final, at the latest, ninety days after the Tenth Circuit's April 14, 2004, dismissal or July 13, 2005. A criminal conviction is final when the United States Supreme Court affirms it on direct review or denies certiorari. Clay v. United States, 537 U.S. 522, 527 (2003). If a certiorari petition is not filed, a criminal conviction is final at the time for filing a petition for certiorari expires, which is ninety days after entry of the court of appeals' judgment. Id. Petitioner's latest possible chance at having his conviction overturned was July 13, 2005 because Petitioner never filed a writ of certiorari seeking review of the April 14, 2004, decision. Indeed, Petitioner filed his motion in July 2010, five years after Petitioner's conviction was final and four years after the expiration of the one-year statute of limitations. Therefore, Petitioner failed to timely file under subsection (1). The court agrees with the Respondent's assertion that subsections (2) and (3) are not applicable in this matter. See Respondent's Motion to Dismiss for Lack of Jurisdiction, Dkt. No. 3 at 7. Petitioner's motion is untimely under subsection (4) because all of the facts supporting Petitioner's claims should have been discovered, at the very latest, by July 13, 2005, and probably should have been discovered by the end of 2001. Indeed, the only major relevant fact put forth by the Petitioner in his motion concerns whether the insurance of the credit union that Petitioner robbed was federal or private. (See Petitioner's Motion to Vacate, Set Aside, or Correct Sentence, Dkt. No. 1 at 4.) The Petitioner, however, stipulated to this fact at his 2001 trial and should have discovered its truthfulness by 2005 when his conviction was final. (Crim. Case No. 2:99-cr-674, Dkt. No. 159.) Moreover, the only reason offered by Petitioner for failing 5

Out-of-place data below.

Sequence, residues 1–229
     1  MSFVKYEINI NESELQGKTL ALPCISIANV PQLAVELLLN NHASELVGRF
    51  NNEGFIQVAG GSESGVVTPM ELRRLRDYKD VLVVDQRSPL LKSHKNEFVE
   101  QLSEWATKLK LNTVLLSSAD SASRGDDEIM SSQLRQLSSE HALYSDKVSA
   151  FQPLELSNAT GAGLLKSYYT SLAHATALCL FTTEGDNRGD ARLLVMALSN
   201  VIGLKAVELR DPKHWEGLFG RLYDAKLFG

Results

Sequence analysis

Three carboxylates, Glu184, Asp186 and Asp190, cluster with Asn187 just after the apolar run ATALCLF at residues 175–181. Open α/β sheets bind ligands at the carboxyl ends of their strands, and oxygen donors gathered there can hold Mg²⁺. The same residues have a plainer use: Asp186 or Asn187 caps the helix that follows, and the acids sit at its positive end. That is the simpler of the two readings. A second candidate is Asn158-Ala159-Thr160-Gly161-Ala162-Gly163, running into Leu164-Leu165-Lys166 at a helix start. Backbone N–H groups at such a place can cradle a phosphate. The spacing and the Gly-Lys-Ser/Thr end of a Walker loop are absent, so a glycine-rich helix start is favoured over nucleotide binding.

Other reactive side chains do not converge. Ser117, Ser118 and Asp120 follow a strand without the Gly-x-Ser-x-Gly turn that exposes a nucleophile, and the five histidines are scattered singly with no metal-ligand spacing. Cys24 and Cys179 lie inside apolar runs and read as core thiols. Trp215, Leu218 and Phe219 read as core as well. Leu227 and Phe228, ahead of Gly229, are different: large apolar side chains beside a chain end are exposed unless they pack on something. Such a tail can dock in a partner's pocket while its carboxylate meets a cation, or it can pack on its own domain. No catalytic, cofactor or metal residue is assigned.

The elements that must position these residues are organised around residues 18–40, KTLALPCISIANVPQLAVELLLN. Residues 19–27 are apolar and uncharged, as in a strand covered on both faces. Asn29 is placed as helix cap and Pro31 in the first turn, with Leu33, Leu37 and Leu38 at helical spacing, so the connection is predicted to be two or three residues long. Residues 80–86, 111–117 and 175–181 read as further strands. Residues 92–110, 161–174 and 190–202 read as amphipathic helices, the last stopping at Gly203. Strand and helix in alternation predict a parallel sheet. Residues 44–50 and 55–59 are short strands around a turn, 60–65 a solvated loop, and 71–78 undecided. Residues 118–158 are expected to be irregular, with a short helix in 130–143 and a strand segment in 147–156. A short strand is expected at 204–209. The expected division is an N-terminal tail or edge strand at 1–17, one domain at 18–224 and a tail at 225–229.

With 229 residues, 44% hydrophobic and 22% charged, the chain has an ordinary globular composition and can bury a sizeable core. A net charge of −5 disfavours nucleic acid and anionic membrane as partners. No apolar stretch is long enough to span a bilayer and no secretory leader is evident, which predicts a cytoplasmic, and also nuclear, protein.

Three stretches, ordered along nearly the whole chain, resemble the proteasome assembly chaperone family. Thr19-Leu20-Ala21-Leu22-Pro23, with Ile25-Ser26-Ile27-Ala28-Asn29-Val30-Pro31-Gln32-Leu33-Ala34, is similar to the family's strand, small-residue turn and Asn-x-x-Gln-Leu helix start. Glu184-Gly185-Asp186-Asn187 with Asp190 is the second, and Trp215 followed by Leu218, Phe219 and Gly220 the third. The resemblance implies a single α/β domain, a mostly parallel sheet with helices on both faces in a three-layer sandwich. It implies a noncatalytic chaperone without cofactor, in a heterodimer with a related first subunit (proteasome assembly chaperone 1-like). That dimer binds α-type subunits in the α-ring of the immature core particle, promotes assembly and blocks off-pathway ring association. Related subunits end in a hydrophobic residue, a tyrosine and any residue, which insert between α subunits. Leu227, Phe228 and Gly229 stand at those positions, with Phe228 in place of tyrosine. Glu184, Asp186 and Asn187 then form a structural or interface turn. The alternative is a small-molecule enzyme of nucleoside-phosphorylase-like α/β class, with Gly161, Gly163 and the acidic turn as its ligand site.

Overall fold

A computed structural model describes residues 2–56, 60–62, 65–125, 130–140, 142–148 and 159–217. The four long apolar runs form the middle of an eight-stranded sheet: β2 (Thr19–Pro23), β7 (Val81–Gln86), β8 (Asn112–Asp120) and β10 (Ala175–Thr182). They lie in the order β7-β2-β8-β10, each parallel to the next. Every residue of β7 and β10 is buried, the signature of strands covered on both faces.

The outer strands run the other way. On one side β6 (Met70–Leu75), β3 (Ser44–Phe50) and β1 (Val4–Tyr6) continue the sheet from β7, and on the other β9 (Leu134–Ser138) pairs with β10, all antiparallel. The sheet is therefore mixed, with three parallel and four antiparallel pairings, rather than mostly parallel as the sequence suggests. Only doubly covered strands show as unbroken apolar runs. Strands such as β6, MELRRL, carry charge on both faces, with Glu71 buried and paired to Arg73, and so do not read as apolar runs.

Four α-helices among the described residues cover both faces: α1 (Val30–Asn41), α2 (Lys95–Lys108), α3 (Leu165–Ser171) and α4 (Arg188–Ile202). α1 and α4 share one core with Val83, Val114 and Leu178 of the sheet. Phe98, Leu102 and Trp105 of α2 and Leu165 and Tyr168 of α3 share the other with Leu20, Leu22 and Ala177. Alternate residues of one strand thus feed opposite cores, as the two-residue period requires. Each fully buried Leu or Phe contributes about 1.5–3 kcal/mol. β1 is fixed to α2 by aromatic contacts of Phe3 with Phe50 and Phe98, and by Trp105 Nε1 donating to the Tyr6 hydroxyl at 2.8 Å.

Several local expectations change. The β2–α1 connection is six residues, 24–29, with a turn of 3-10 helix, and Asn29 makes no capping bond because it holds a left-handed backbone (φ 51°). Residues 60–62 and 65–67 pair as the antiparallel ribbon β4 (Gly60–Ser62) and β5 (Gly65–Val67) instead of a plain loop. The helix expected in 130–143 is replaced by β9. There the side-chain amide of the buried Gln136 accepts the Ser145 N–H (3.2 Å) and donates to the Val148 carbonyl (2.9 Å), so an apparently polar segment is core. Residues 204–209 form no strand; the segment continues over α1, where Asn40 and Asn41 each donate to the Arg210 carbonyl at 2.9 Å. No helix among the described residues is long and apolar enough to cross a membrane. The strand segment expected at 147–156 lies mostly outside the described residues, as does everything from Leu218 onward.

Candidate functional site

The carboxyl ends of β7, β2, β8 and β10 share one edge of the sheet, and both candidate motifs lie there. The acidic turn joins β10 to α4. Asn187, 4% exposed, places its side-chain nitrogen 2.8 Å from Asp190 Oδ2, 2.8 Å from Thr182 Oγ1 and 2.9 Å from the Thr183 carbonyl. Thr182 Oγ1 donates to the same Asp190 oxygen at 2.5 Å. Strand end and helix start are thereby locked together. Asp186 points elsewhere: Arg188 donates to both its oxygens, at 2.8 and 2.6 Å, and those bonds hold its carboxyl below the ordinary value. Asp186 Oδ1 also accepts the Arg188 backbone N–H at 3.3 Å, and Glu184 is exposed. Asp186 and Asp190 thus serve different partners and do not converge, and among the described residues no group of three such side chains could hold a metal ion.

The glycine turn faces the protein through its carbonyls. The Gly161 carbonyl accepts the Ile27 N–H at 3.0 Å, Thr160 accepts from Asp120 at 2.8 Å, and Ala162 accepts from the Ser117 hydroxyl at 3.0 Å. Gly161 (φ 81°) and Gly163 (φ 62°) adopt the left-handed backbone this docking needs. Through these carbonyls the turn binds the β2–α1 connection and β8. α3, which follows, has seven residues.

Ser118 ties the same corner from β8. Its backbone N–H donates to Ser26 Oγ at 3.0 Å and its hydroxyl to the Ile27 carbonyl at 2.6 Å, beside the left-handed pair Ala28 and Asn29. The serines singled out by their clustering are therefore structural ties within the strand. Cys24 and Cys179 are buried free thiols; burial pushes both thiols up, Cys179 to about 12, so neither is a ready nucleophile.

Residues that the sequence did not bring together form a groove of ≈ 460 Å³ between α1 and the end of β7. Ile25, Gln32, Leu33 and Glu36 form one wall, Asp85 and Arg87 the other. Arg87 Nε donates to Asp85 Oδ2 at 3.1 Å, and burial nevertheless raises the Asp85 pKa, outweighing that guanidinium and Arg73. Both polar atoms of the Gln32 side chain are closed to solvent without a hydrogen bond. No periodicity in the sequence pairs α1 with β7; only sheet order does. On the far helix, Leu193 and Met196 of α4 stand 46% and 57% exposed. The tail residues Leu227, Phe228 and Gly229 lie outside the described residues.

to exercise the due diligence required by §2255(f)(4) is that he was ignorant of the law. (See Petitioner's Motion to Vacate, Set Aside, or Correct Sentence, Dkt. No. 1 at 4.) However, as the Tenth Circuit pointed out in March v. Soares, ignorance of the law does not excuse an untimely § 2255 motion. 223, F.3d 1217, 1220 (10th Circuit 2000). Therefore, because Petitioner failed to comply with the provisions of 28 U.S.C. § 2255(f), it was clear at the time Petitioner filed his second motion that the court lacked jurisdiction. B. Petitioner's claims lack merit. 28 U.S.C. § 2255(h) mandates that a Court of Appeals authorize a successive §2255 motion if it contains: (1) newly discovered evidence that, if proven and viewed in light of the evidence as a whole, would be sufficient to establish by clear and convincing evidence that no reasonable factfinder would have found the movant guilty of the offense; or 2) a new rule of constitutional law, made retroactive to cases on collateral review by the Supreme Court, that was previously unavailable. 28 U.S.C. § 2255(h). In this case, the claims raised by Petitioner in his motions do not implicate either §2255(h)(1) or (2). Petitioner does not rely on newly discovered evidence or a new rule of constitutional law. In ground one of his motion, Petitioner claims that the credit union he robbed was not federally insured. Petitioner, however, fails to put forth any evidence. In fact, at trial, Petitioner stipulated to the fact that the credit union was federally insured. (Crim. Case No. 2:99-cr-674, 6